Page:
An Application method can be used within a COMSOL app — a process introduced in this tutorial video. A Model method can be used within the underlying COMSOL Multiphysics model and can operate on (and add information to) the existing model data.

A screenshot showing the new Developer tab in COMSOL Multiphysics® version 5.3.
The Developer tab, showing the Record Method and Run Model Method buttons.

After you click the OK button in the Record Method dialog box, you can see a red highlight around the entire graphical user interface. All operations performed are recorded in this method until you click the Stop Recording button. You can then switch to the Application Builder and view your recorded method. The screenshot below shows the Application Builder and the method after we record the creation of a single geometry object. The object is a cylinder with the tag cyl1, a radius of 40 cm, and a height of 20 cm — a good starting approximation for a wheel of cheese.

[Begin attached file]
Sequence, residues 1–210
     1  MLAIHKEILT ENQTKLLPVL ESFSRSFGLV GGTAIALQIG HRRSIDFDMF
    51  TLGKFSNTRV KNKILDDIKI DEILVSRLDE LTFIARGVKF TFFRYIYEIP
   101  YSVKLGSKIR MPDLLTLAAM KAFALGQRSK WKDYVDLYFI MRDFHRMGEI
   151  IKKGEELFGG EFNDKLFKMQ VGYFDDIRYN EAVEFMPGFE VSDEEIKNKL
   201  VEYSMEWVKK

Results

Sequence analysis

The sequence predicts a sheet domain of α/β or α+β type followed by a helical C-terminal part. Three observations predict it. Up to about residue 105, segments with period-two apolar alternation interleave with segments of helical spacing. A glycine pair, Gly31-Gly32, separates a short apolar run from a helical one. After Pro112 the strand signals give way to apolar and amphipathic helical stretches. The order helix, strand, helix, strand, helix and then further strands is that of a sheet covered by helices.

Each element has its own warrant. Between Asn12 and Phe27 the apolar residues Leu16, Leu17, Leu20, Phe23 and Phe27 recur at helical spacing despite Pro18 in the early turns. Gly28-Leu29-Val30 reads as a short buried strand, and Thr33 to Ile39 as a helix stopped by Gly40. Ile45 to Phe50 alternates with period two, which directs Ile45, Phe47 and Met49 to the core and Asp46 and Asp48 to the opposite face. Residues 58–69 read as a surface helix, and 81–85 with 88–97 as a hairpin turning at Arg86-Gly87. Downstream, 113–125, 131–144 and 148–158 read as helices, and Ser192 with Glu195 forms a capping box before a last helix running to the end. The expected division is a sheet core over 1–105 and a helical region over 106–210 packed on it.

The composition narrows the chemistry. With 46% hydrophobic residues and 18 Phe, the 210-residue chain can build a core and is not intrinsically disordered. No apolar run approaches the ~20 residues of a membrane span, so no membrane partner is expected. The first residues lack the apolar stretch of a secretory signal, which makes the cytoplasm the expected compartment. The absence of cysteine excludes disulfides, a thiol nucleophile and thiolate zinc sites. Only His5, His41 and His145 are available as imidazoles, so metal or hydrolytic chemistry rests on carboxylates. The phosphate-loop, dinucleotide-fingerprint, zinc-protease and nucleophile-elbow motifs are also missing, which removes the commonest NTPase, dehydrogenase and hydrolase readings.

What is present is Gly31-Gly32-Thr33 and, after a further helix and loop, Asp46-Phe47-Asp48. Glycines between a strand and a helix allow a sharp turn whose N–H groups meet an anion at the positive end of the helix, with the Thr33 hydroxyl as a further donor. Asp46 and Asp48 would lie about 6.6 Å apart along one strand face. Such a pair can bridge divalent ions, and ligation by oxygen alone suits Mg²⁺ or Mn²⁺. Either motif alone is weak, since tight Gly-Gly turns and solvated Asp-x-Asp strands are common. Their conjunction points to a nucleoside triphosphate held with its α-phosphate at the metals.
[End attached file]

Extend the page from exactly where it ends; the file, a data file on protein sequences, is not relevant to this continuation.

A screenshot of the code for a model method in the Application Builder.
The Application Builder showing code for a model method used to create a geometry.

When we’re working with the Model Builder, we can call this model method within any other model file (as long as it doesn’t already have an existing object with tag cyl1 within the geometry sequence) via the Run Model Method button in the Developer tab. Of course, this simple model method just creates a cylinder. If we want to model the holes, we need to introduce a bit of randomness into our method. Let’s look at that next.

Creating a Random Set of Geometry Features

Within a model method, you can call standard Java® classes, such as the Math.random class, which returns a double-precision number greater than or equal to 0.0 and less than 1.0. We want to use this class, along with a little bit of extra code, to set up a specified number of randomly positioned and sized holes within the model of the wheel of cheese.